The 2023 Dr. Bonnie Cameron Post-Secondary Scholarship Application is now available!
Please visit https://runanthropic.org/scholarship/ to view and complete the online application form.
Help us keep giving out scholarships! To make a tax deductible donation, CLICK HERE!
We would like to congratulate our 2022 winner – Andrew Poirier.
In Andrew’s own words:
Almost seven years ago, I was diagnosed with Juvenile Enthesitis-Related Arthritis. Although I was relieved to know it could be managed, the usual medications and treatment did not initially help me. I often used a cane or crutches and learned how to use a wheelchair when the arthritis became crippling. The significant pain was overwhelming, and I learned mindfulness techniques to complete schoolwork and eventually go to work in pain. Sports became more difficult and painful, and I eventually had to give up playing football as a Junior Ti-Cat. Having an invisible illness means that there are times when people think I am lazy or unmotivated. I spent so much time at the hospital, and there were days when I felt hopeless. I was continually supported by my awesome nurse Debbie and the rheumatology team at McMaster Children’s Hospital, who were dedicated to improving my quality of life. This team never gave up on me.
Nevertheless, with these challenges came exciting achievements, and a new way of competing as a Para-athlete in swimming brought back the fun of competition and fitness. Soon I was able to return to football and played during my high school years. My biggest fitness challenge came when I decided to complete my National Lifeguard award. It was one of the hardest and most physically challenging things I have done while living with arthritis, but I did it! I enjoy playing basketball and have been able to start running 5 km at a time in the last year. I think one of my proudest moments was being awarded MVP on my high school swim team.
Living with arthritis means modifying or changing how I do things, but it does not change who I am. I can live life to my personal best because of the support teachers, coaches, and medical staff have given me. If it were not for my JIA, I might never have aspired to become a nurse, hoping to help kids who receive a scary diagnosis. My university acceptance to a BScN program is something I was not sure I could achieve after missing so much school. Living with arthritis has shown me how to grow in my resiliency and that nothing is impossible.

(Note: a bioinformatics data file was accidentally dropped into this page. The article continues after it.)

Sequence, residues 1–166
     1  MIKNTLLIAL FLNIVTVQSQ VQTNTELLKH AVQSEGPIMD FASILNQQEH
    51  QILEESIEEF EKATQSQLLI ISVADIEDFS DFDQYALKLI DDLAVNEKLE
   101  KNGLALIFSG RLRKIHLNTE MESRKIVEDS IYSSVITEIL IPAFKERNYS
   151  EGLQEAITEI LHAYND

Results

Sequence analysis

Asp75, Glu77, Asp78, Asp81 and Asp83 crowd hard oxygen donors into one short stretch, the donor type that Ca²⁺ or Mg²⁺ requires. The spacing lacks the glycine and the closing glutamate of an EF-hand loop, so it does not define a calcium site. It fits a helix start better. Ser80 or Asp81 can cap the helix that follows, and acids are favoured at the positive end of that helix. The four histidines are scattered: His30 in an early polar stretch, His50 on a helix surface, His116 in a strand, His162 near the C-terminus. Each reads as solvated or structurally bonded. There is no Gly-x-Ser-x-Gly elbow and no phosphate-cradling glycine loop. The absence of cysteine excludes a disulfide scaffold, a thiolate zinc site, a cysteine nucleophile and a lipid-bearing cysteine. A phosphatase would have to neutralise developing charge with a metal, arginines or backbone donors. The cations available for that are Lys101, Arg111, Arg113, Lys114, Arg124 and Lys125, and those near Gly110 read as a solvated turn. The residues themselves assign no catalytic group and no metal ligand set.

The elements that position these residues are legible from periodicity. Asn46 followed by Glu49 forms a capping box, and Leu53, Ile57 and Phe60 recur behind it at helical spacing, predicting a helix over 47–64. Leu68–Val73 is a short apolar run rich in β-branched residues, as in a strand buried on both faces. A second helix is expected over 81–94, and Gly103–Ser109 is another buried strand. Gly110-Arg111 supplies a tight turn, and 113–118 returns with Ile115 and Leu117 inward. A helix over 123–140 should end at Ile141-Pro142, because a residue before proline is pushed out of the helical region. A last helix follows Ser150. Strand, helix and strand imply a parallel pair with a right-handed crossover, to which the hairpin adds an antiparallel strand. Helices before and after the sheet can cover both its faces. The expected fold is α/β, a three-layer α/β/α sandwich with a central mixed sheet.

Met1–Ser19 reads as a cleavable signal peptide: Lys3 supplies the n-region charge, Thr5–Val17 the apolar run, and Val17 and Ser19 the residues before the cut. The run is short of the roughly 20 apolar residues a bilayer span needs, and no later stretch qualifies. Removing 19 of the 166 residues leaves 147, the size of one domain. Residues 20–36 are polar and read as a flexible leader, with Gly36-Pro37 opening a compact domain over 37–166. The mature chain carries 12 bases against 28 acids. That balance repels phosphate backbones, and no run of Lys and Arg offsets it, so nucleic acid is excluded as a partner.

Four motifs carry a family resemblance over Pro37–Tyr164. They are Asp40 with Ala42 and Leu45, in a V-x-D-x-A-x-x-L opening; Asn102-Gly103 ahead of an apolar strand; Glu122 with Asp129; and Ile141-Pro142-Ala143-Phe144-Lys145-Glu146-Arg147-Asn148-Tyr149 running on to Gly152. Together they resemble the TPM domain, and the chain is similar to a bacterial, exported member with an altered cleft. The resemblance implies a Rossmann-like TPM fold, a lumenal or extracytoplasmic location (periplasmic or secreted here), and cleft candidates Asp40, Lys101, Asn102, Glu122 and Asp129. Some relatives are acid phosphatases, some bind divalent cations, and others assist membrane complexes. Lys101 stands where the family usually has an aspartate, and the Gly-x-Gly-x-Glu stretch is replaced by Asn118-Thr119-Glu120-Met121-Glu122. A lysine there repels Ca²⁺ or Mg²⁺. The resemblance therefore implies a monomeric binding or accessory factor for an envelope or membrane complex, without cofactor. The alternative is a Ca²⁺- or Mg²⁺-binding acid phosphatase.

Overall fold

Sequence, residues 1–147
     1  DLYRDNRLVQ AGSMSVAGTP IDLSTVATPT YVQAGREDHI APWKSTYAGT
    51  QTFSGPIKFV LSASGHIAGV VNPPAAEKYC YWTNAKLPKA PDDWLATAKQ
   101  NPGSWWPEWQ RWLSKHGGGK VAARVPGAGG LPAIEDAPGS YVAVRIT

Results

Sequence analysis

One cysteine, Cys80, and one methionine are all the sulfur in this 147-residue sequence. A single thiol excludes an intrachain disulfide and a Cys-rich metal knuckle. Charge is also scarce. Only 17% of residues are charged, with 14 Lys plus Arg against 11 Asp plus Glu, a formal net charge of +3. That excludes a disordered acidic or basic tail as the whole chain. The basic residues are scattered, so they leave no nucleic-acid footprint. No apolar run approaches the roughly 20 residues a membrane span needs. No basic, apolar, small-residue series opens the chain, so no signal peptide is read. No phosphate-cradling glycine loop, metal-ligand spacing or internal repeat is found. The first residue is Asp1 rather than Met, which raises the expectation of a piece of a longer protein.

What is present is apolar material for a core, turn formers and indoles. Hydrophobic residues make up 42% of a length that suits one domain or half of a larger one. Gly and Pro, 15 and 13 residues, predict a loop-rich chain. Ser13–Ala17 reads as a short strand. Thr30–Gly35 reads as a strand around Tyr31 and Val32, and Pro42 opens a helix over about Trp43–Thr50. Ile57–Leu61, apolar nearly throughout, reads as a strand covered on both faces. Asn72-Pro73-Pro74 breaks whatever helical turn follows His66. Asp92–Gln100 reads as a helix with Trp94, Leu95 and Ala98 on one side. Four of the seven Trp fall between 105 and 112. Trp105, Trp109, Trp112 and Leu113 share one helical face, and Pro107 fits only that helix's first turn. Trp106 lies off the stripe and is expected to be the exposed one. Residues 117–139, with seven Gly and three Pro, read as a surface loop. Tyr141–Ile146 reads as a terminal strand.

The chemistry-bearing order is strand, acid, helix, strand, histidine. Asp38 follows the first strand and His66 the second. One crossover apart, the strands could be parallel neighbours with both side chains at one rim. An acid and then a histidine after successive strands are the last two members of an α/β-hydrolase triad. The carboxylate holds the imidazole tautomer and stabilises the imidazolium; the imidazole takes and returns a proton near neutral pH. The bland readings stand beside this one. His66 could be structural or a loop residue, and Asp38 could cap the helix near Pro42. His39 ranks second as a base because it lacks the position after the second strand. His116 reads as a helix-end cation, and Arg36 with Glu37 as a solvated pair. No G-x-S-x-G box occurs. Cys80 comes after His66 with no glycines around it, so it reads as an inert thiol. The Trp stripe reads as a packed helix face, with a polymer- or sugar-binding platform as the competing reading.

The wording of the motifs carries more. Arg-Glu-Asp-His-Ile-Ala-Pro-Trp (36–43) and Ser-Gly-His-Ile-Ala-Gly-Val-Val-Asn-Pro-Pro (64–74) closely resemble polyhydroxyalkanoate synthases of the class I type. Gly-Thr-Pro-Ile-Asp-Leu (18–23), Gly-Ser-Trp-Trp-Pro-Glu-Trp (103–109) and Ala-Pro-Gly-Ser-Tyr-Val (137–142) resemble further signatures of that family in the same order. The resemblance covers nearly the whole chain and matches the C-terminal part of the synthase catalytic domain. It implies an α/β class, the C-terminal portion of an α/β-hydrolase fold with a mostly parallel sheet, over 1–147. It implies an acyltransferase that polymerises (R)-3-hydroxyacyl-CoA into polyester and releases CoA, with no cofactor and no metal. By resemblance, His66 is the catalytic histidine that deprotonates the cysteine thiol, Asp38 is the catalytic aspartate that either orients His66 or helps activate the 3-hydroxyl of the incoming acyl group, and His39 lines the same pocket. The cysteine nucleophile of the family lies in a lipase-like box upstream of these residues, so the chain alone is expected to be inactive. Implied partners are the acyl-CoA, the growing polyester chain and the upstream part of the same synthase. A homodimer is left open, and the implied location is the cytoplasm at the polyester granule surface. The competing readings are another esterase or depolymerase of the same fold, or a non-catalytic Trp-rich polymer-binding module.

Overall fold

I live well with arthritis by maintaining mental wellness and being active. Support for those who need a helping hand, as I did, led me to help those with mental illness. I watched a tv show discussing Canadian Veterans with PTSD who could not afford a therapy dog. I decided to make and sell birdhouses to support our ecosystem and provide funds for therapy dogs for Canadian Veterans. So far, over $11,000 has been raised. Focusing on helping keeps me going through the building process even when I am in pain from my juvenile arthritis. To know that I am helping a Veteran with a mental illness heal and get the services they need through a therapy dog makes me feel like I am reducing the stigma associated with mental illness and making a long-term impact on my community.
My experiences making meals at the Good Shepherd Men’s shelter continue to reinforce how we should treat others with dignity and not be judgemental. Many of these clients have a mental illness, which sometimes leads them to be homeless. I feel like I am lifting one burden from them when I help provide meals. During the pandemic, the number of clients increased because people could not afford their rent or food. To hear the men say “thank you” made me feel very humble. The men probably did not know that my trips to the Good Shepherd during the early pandemic were one of the few times I was out of my home as an immune-suppressed person. They did not know it, but they were helping me too.
In my volunteer position with the Haldimand County Accessibility Advisory Committee, I have used my passion for supporting people with disabilities to create change within our community. The county is interested in my feedback, and when modifications to buildings are drafted, I always provide my viewpoint from a person who may need to use mobility aids. I know I am helping make our community inclusive, which is important to me as I overcome some physical restrictions of my arthritis.
I have realized that being brave is about fighting my illness with compassion and courage and being brave enough to speak up when I see another person hurting and supporting them, either with initiatives that support their wellness or through activism and education of others. Thank you for recognizing the bravery and determination of those living with juvenile arthritis.
Click here to review the 2023 application requirements. The Dr. Bonnie Cameron Post-Secondary Scholarship – 2023
Purpose and Award
The Dr. Bonnie Cameron Post-Secondary Scholarship program has been assisting students living with arthritis in achieving their educational goals since 2013. It is presented by Runanthropic.org in honour of the inspiring work and dedication of Dr. Cameron and the entire Rheumatology staff at SickKids Hospital. The scholarship award is $2,500.